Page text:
Crabgrass isn't just for animals; it's still grown as a cereal crop in some regions. The seeds are quite nutritious and used to make breads and porridge. In ancient China, farmers grew a type of crabgrass known as foxtail millet. When European immigrants came to the United States in the late 19th century, they brought many different seeds with them, including crabgrass. Some immigrants even favored crabgrass over wheat and cultivated it yearly.
However, this once-cultivated plant has now become a major weed. It grows in fields and residential lawns as well as on commercial landscapes, industrial sites and roadsides. It can be found in every state and thrives throughout the spring and summer months. Without proper weed control, this annual weed can take over yards and reduce your home's curbside appeal.
Now that you know a little bit about crabgrass, it's time to dive further into the subject and to learn how to identify it in your yard. Some people mistake crabgrass for other grassy weeds, so it's important to know how to spot crabgrass if you want to treat it correctly and to prevent it from spreading to other parts of your lawn.
A stalk of crabgrass - Image on Public Domain
Crabgrass is so common in people's yards that they often mistake it for regular grass. It looks like grass because it is a grass, but those who maintain their yards on a regular basis can see this weed sticking out like a sore thumb. As an annual grass, it emerges in the spring and blends in with the other grass in the vicinity. However, as it grows and spring turns to summer, crabgrass grows longer and spreads seeds. It sprawls outward and is easy to spot once you know what to look for in your lawn.
Though crabgrass may look like regular grass, it has many different characteristics. For one, newly sprouted crabgrass isn't as dark green as your turf. In fact, young crabgrass appears lighter green in color. Even as it matures, it doesn't match the green color of the surrounding turf. Crabgrass turns a dark yet dull green as it gets longer and more established in your lawn. It also doesn't spread evenly over the ground like your grass does. Instead, it grows in clumps very low to the soil.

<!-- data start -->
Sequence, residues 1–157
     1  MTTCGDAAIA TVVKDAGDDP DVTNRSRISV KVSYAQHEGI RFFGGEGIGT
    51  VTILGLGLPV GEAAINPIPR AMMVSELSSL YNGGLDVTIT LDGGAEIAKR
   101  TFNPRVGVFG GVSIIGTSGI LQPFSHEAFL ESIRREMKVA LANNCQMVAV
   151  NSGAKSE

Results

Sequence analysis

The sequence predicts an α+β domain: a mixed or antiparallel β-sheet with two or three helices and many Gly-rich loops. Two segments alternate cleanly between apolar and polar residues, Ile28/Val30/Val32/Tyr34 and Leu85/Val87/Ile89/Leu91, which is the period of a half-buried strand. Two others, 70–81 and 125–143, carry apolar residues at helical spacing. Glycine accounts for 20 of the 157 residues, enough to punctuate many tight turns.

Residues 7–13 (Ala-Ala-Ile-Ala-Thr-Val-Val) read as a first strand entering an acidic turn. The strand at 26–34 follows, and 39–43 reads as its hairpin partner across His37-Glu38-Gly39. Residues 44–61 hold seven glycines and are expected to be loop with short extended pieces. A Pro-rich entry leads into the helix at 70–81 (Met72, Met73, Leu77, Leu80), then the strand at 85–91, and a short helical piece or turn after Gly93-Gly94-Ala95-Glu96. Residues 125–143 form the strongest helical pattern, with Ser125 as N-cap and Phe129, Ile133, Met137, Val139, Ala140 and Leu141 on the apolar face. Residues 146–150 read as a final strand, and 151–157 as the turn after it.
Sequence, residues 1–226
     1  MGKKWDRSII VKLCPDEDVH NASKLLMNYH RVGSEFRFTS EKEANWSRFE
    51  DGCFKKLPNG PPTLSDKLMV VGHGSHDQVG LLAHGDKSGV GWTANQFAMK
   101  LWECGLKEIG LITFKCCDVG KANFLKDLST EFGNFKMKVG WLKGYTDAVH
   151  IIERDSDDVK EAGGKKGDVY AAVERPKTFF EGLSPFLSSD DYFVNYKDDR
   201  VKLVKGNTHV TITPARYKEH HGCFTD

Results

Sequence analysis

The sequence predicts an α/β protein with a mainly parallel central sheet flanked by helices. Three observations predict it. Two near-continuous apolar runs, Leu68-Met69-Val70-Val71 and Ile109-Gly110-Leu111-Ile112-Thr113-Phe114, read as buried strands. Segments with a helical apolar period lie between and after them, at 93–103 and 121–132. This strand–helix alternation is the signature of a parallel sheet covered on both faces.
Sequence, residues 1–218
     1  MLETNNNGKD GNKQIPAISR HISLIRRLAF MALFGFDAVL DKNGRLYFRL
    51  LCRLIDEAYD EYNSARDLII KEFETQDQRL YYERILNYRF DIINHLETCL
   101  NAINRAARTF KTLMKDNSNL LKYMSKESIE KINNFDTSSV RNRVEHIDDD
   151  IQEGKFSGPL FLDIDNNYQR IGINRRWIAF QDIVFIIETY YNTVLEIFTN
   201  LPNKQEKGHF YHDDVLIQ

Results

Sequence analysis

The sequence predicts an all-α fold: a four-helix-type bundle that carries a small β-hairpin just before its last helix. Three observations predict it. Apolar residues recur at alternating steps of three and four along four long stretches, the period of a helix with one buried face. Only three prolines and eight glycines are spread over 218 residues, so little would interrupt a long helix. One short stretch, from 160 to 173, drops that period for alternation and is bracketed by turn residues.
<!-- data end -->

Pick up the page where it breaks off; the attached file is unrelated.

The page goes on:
Another difference is the size of crabgrass leaves compared to regular grass blades. Crabgrass has broad leaves and is easier to identify on lawns with fine grass such as Kentucky bluegrass and creeping fescue. In addition, crabgrass doesn't always grow upward; it grows laterally across your lawn. The stems lay flat on the ground and extend outward like crab legs from the middle of the weed. When it comes to identifying crabgrass, there are two common species to look out for in your lawn, garden and landscaped areas.
Smooth and large crabgrass are the most common species that you'll encounter on your property. These annual grassy weeds spread by seed and invade everything from crop fields to plant nurseries. They both produce flower heads on branches that look similar to bermudagrass. It takes a careful eye to tell the difference between smooth and large crabgrass.
Notice the sparse hairs on this smooth crabgrass. Image by Cornell Uni.
Smooth crabgrass gets its name from its smooth appearance and lack of hairs on the leaves; it may have sparse hairs near the auricle, an earlike projection at the base of the leaf. The stems grow upright and flat along the ground, branching out from the base. The leaves are flat and have a defined midvein. They measure about a quarter of an inch wide and 5 inches in length with pointed tips.
Smooth crabgrass is found mostly in lawns and begins flowering from September to November, and the flowers cluster together along tall branches. This weed also produces fruit called spikelets, which are shaped like footballs and have stalks with disklike tips. The spikelets only grow about 2.5 millimeters, or 1/10 of an inch, in length.
Notice the many long hairs on this large crabgrass - Image by Cornell Uni.
Large crabgrass looks similar to smooth crabgrass. However, large crabgrass grows taller and has long hairs on the leaves and the sheathes. The mature plant has flat leaves with the same prominent midvein as smooth crabgrass. The leaves measure just over an inch to 8 inches in length. Some of the stems grow upward while others grow outward, creating quite a messy look in your yard as the plants age.